Powerset has a different idea. Its search engine does not simply index every page online; it tries to understand its content: Semantic searching is part of a broader semantic web initiative, described by some as Web 3.0. Semantic web is all about connecting information from various sources and creating a meaningful relation between different pieces of online information. As much as Web 2.0 was, and still is, about collaborating and sharing information online (such as in social networks), Web 3.0 (a term that is highly debated at this time) is commonly referred to as a way of transferring the Web into a huge database and bringing an understanding to the vast amount of information online.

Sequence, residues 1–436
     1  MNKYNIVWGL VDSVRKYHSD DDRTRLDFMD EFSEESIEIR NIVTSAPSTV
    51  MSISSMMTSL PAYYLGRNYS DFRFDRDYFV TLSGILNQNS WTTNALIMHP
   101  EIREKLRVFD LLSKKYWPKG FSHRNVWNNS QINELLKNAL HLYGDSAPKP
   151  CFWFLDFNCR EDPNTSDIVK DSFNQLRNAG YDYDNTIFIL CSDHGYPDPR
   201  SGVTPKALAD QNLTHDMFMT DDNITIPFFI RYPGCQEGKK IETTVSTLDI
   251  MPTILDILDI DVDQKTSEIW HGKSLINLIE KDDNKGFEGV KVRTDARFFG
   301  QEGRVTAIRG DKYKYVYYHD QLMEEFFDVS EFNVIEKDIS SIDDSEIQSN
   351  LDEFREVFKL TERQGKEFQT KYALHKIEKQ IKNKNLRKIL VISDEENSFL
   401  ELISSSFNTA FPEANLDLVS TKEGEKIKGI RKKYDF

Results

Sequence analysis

Powerset is in an early beta phase and has limited scope, as its index consists only of information coming from Wikipedia and the Metaweb Technologies database. It uses these two sources, supported by proprietary algorithms and smart search technology licensed from Xerox’s PARC subsidiary, to create a more useful collection of facts related to a search query. Instead of treating pages as a pile of indexed words without meaning, Powerset parses each sentence and extracts its possible meaning. This approach yields more efficient and smarter search results than what the existing search engines can provide. Of course, it is behind Google in several disciplines, as its index is tiny compared to what Google has accumulated over the years. But some Powerset searches deliver more useful information than the mess you sometimes get today. Try searching for a popular term such as ’iPhone’ to see what I mean.